Tuesday, March 3, 2015

Montreal calls for moratorium on Canada Post's community mailboxes

Published on: February 26, 2015
Last Updated: February 26, 2015 8:06 PM EST
A community mailbox on 36th Avenue in Lachine, Montreal, Saturday, August 23, 2014.

A community mailbox on 36th Avenue in Lachine, Montreal, Saturday, August 23, 2014.
Phil Carpenter / Montreal Gazette

The city of Montreal will be joining a legal challenge in Federal Court against Canada Post’s plan to phase out door-to-door mail delivery before 2019, said Mayor Denis Coderre.

Coderre said he will also be tabling a resolution to the agglomeration council of Montreal demanding that the federal government establish a moratorium on community mailboxes in Montreal.
The legal challenge — launched back in November by the Canadian Union of Postal Workers and a number of other groups — hopes to see Canada Post’s plan be declared a violation of the Canadian Charter of Rights and Freedoms.
The mayor made the announcement Thursday along with Sud-Ouest borough mayor Benoit Dorais, Westmount Mayor Peter Trent, and Union des municipalités du Québec president Suzanne Roy, among others.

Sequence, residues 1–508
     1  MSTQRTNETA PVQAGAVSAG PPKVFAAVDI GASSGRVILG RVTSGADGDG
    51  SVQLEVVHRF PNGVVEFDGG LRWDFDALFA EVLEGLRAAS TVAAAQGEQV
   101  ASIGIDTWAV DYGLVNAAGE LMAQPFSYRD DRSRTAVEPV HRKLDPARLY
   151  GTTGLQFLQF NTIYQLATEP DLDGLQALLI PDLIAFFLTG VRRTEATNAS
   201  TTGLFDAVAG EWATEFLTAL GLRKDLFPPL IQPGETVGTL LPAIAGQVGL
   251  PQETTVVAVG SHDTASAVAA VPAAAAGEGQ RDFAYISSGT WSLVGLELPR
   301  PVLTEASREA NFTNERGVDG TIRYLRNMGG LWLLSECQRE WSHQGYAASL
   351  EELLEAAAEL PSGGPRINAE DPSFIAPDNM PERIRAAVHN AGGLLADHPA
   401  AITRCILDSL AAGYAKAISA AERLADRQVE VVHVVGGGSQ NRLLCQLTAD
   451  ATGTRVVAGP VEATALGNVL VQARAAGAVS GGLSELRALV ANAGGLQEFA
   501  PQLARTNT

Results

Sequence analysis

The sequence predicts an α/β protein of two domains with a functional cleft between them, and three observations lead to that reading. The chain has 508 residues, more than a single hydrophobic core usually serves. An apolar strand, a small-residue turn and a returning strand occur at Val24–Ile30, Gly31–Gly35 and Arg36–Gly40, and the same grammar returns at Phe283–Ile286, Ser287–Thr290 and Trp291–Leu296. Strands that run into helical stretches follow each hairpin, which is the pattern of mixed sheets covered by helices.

“We want to send a clear message to the federal government and to Canada Post that home mail delivery is an essential service for our citizens,” he said.
Coderre called Canada Post’s approach unilateral, disgusting, cheap and grotesque.
“Rather than conducting consultations, Canada Post is going from one borough to another, or from one city to another, in its effort to divide and conquer,” he said, alluding to community mailboxes already being installed in Kirkland, Lachine, Pierrefonds and Île-Bizard. “And they’re doing so with a total lack of transparency, complete lack of public consultations, and sheer disrespect for citizens and their needs.”
The mayor pushed for a response from federal party leaders on whether or not a moratorium will be established.
“I want to know what all of the party leaders in Ottawa think of the word moratorium,” he said. “Not the word pause, not ‘we’ll think about it.’ I want to hear if they are in favour or not of a moratorium.”
Dorais, who’s chairing a consultation committee on the matter, said that it would take 50,000 community mailboxes in 15,000 different locations to serve the 700,000 houses of the Montreal agglomeration.
“That represents around 25 kilometres of community mailboxes put side by side,” he said. “That seems worrisome, and impossible that it wouldn’t have an impact on the public.”
Trent added that he thinks it’s clear Canada Post has not figured out how the plan would actually work in Montreal or Westmount.
“They’ve adopted a very interesting strategy of starting with the outskirts, beyond the suburbs, to slowly eat their way toward the centre of the island of Montreal,” he said.
“Why? Because they can’t tell us how they’re going to do it.”

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